Annually, the School of Medicine trains more than 800 MD and MD/PhD students and ranks in the top 20 among U.S. research-oriented medical schools as designated by U.S. News &World Report "Guide to Graduate Education."

The School of Medicine's primary affiliate is University Hospitals Case Medical Center and is additionally affiliated with MetroHealth Medical Center, the Louis Stokes Cleveland Department of Veterans Affairs Medical Center, and the Cleveland Clinic, with which it established the Cleveland Clinic Lerner College of Medicine of Case Western Reserve University in 2002. http://casemed.case.edu.

Christina DeAngelis | EurekAlert!
Further information:
http://www.case.edu

More articles from Health and Medicine:

nachricht Chances to treat childhood dementia
24.07.2017 | Julius-Maximilians-Universität Würzburg

nachricht World first: Massive thrombosis removed during early pregnancy
20.07.2017 | Universitätsspital Bern

All articles from Health and Medicine >>>

The most recent press releases about innovation >>>

Die letzten 5 Focus-News des innovations-reports im Überblick:

Im Focus: 3-D scanning with water

3-D shape acquisition using water displacement as the shape sensor for the reconstruction of complex objects

A global team of computer scientists and engineers have developed an innovative technique that more completely reconstructs challenging 3D objects. An ancient...

Im Focus: Manipulating Electron Spins Without Loss of Information

Physicists have developed a new technique that uses electrical voltages to control the electron spin on a chip. The newly-developed method provides protection from spin decay, meaning that the contained information can be maintained and transmitted over comparatively large distances, as has been demonstrated by a team from the University of Basel’s Department of Physics and the Swiss Nanoscience Institute. The results have been published in Physical Review X.

For several years, researchers have been trying to use the spin of an electron to store and transmit information. The spin of each electron is always coupled...

Im Focus: The proton precisely weighted

What is the mass of a proton? Scientists from Germany and Japan successfully did an important step towards the most exact knowledge of this fundamental constant. By means of precision measurements on a single proton, they could improve the precision by a factor of three and also correct the existing value.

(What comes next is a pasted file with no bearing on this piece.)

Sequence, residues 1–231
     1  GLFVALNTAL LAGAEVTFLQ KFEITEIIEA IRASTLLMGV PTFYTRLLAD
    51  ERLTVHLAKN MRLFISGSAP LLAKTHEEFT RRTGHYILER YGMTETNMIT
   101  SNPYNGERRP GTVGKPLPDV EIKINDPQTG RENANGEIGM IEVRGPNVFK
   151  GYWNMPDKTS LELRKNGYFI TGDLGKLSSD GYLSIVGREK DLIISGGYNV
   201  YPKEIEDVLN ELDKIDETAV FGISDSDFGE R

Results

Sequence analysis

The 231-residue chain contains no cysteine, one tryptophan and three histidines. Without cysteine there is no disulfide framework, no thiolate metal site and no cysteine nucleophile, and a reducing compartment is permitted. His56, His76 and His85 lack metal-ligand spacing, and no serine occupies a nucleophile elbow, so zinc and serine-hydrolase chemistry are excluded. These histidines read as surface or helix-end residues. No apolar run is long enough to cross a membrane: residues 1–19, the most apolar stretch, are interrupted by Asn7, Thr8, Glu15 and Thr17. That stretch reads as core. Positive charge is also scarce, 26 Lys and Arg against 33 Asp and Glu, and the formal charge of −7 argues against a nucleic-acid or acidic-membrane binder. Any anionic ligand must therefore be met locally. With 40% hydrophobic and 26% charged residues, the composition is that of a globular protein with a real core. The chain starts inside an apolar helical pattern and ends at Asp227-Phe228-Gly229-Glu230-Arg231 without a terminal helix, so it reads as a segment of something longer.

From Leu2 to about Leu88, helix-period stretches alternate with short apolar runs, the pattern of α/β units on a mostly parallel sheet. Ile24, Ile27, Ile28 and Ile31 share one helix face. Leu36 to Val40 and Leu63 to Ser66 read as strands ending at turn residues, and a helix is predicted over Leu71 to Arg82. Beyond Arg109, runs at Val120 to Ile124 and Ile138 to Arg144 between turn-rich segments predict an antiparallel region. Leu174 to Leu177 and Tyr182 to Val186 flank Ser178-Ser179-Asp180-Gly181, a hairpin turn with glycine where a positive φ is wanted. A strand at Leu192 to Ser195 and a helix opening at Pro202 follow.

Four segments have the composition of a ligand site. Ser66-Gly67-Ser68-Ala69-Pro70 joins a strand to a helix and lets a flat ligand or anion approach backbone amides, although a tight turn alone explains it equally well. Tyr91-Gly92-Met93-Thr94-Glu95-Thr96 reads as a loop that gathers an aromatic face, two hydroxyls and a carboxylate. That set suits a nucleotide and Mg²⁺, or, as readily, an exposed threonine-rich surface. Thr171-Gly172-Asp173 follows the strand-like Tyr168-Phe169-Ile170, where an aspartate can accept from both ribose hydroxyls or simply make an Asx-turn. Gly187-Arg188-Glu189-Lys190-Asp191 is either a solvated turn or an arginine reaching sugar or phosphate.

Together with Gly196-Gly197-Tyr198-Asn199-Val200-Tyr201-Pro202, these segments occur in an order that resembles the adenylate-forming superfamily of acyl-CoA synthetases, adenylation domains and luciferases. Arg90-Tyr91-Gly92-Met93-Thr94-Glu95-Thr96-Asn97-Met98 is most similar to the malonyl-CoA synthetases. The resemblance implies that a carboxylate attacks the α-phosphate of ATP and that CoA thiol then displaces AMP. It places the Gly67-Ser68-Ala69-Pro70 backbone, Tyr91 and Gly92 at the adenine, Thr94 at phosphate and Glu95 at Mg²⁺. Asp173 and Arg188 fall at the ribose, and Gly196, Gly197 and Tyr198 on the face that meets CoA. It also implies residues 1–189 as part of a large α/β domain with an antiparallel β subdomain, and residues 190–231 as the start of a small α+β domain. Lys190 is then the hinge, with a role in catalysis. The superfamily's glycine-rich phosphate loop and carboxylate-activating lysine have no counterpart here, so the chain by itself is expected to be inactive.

To determine the mass of a single proton still more accurate – a group of physicists led by Klaus Blaum and Sven Sturm of the Max Planck Institute for Nuclear...

Im Focus: On the way to a biological alternative

A bacterial enzyme enables reactions that open up alternatives to key industrial chemical processes

The research team of Prof. Dr. Oliver Einsle at the University of Freiburg's Institute of Biochemistry has long been exploring the functioning of nitrogenase....

Im Focus: The 1 trillion tonne iceberg

Larsen C Ice Shelf rift finally breaks through

A one trillion tonne iceberg - one of the biggest ever recorded -- has calved away from the Larsen C Ice Shelf in Antarctica, after a rift in the ice,...

All Focus news of the innovation-report >>>

Anzeige

Anzeige

Event News

Closing the Sustainability Circle: Protection of Food with Biobased Materials

21.07.2017 | Event News

»We are bringing Additive Manufacturing to SMEs«

19.07.2017 | Event News

The technology with a feel for feelings

12.07.2017 | Event News

 
Latest News

Ultrathin device harvests electricity from human motion

24.07.2017 | Power and Electrical Engineering

Scientists announce the quest for high-index materials

24.07.2017 | Materials Sciences

ADIR Project: Lasers Recover Valuable Materials

24.07.2017 | Materials Sciences

VideoLinks
B2B-VideoLinks
More VideoLinks >>>